The Shimizu family at the monument outside the federal building in Prince Rupert. (Shannon Lough / The Northern View)                                The Shimizu family at the monument outside the federal building in Prince Rupert. (Shannon Lough / The Northern View)

The Shimizu family at the monument outside the federal building in Prince Rupert. (Shannon Lough / The Northern View) The Shimizu family at the monument outside the federal building in Prince Rupert. (Shannon Lough / The Northern View)

What the cherry tree mishap in northern B.C. cost the federal government

Cost breakdown for cutting down Prince Rupert’s cherry trees and the apology

One of the biggest stories in Prince Rupert for 2018 was when the federal government contracted to have Japanese cherry trees next to its offices cut down, and then the eventual apology and plaque commemorating the history of those trees.

Public Services and Procurement Canada, the federal department responsible for removing the trees in March, said the total cost is $46,369.86, from the initial contract work to remove the trees through to the plaque unveiling and associated travel.

In 1959 and 1960, Shotaro Shimizu, a former resident who had been interned during the Second World War, donated 1,500 cherry trees to the city. On Nov. 16, the government apologized to the Shimizu family for mistakenly removing some of the trees in March.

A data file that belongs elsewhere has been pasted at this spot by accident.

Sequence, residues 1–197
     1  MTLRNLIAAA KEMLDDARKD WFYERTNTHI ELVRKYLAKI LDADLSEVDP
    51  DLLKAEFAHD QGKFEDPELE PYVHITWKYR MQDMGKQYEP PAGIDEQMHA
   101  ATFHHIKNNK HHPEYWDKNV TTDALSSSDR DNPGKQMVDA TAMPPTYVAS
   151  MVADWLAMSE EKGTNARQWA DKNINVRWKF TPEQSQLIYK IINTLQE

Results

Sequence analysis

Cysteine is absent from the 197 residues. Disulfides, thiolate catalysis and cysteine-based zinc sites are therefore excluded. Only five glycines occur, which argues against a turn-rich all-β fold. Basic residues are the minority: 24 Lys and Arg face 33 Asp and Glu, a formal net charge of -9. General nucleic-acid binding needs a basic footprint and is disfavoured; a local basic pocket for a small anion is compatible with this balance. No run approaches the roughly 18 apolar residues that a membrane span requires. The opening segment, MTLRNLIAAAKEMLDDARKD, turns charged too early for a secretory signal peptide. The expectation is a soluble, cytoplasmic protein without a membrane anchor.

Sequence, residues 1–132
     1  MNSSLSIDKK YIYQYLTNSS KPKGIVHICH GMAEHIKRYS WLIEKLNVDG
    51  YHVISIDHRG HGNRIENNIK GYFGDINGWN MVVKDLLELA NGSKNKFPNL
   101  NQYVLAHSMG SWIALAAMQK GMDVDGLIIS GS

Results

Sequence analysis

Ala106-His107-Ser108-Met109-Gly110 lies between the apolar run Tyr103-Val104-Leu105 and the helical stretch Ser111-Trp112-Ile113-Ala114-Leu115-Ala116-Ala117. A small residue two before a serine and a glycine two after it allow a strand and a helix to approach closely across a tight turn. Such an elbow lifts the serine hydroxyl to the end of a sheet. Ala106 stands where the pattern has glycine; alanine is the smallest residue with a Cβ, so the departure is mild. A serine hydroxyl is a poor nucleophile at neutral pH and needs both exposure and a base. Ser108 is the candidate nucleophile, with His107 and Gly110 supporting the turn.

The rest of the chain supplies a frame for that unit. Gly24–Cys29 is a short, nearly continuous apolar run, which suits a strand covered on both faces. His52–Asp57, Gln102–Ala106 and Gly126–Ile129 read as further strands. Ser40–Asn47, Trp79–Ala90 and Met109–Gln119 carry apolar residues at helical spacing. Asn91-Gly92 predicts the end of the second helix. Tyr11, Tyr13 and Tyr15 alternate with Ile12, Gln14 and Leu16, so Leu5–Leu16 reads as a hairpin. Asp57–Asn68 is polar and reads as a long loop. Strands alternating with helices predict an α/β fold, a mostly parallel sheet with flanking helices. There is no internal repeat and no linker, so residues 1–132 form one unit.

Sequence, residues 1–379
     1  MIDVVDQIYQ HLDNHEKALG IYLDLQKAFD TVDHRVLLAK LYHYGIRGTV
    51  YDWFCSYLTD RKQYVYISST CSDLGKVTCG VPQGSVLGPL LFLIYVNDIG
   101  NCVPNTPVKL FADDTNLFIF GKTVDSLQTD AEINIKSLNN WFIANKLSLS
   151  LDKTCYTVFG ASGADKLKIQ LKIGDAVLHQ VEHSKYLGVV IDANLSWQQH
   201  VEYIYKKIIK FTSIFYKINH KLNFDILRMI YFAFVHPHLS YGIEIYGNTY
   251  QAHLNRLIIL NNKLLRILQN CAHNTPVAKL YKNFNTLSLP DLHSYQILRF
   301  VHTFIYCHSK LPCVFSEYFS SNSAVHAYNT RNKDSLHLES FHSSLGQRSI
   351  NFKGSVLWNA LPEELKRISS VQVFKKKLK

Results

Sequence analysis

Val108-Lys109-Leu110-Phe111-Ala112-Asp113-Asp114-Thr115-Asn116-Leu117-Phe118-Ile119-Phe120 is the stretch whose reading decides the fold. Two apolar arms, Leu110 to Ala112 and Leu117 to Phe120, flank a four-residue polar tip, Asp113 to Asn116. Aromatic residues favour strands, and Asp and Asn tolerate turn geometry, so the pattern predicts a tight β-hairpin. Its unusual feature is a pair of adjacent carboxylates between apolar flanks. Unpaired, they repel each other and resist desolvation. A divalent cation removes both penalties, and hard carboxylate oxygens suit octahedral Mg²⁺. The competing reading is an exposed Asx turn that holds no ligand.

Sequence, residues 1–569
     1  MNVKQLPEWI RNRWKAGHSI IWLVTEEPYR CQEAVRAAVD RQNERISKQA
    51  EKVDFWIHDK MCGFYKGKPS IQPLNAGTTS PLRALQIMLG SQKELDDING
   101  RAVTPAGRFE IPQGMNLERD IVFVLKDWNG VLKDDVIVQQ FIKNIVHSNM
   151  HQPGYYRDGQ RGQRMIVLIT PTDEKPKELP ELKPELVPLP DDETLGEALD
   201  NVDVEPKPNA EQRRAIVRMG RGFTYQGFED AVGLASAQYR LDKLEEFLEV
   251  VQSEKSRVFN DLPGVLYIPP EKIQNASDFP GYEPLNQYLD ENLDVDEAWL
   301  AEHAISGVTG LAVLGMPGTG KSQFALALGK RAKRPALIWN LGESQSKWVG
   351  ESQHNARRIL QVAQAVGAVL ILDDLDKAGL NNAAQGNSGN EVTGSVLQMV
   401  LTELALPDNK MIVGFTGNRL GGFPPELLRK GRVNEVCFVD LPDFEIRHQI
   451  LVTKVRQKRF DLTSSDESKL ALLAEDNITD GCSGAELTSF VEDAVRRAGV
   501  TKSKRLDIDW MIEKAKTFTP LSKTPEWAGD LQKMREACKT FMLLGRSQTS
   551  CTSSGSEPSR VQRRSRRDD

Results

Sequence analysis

“This situation was not typical for the department and involved some additional costs, including travel for the Shimizu family to attend the unveiling event in person. There will be minor ongoing costs for future care of the trees, which will be part of the regular maintenance budget for the Prince Rupert federal building,” said Erin Macpherson, communications manager in the Pacific Region for Public Services and Procurement Canada.

The cost breakdown:

  • Initial contract to remove the trees: $12,120
  • Subsequent work including landscaping, care of the remaining trees and replacement of the removed trees: $10,815.17
  • Shipping the salvaged wood from the two removed trees to Greg Shimizu in Edmonton: $1,720.01
  • Plaque and associated costs: $5,599.03.
  • November 15 event, including all travel: $16,115.65
  • Total: $46,369.86

READ MORE: Ottawa apologizes to Japanese family in B.C. after chopping historic cherry trees



shannon.lough@thenorthernview.com

Like us on Facebook and follow us on Twitter

Get local stories you won't find anywhere else right to your inbox.
Sign up here

Just Posted

RCMP. (Phil McLachlan/Capital News)
Suspect arrested after armed robbery in downtown Castlegar

Victim was allegedly threatened with knife and bear spray

Columbia Avenue Redevelopment — Phase 2 will begin in February. Image: City of Castlegar
Construction on the Columbia Avenue Redevelopment Project beginning March 1

Crews will be clearing brush and trees and removing asphalt

A dose of COVID-19 vaccine is prepared at a vaccination clinic in Montreal’s Olympic Stadium on Tuesday, Feb. 23, 2021. THE CANADIAN PRESS/Paul Chiasson
39 new cases of COVID-19 in Interior Health region

The total number of cases in the region since the pandemic began is now at 7,334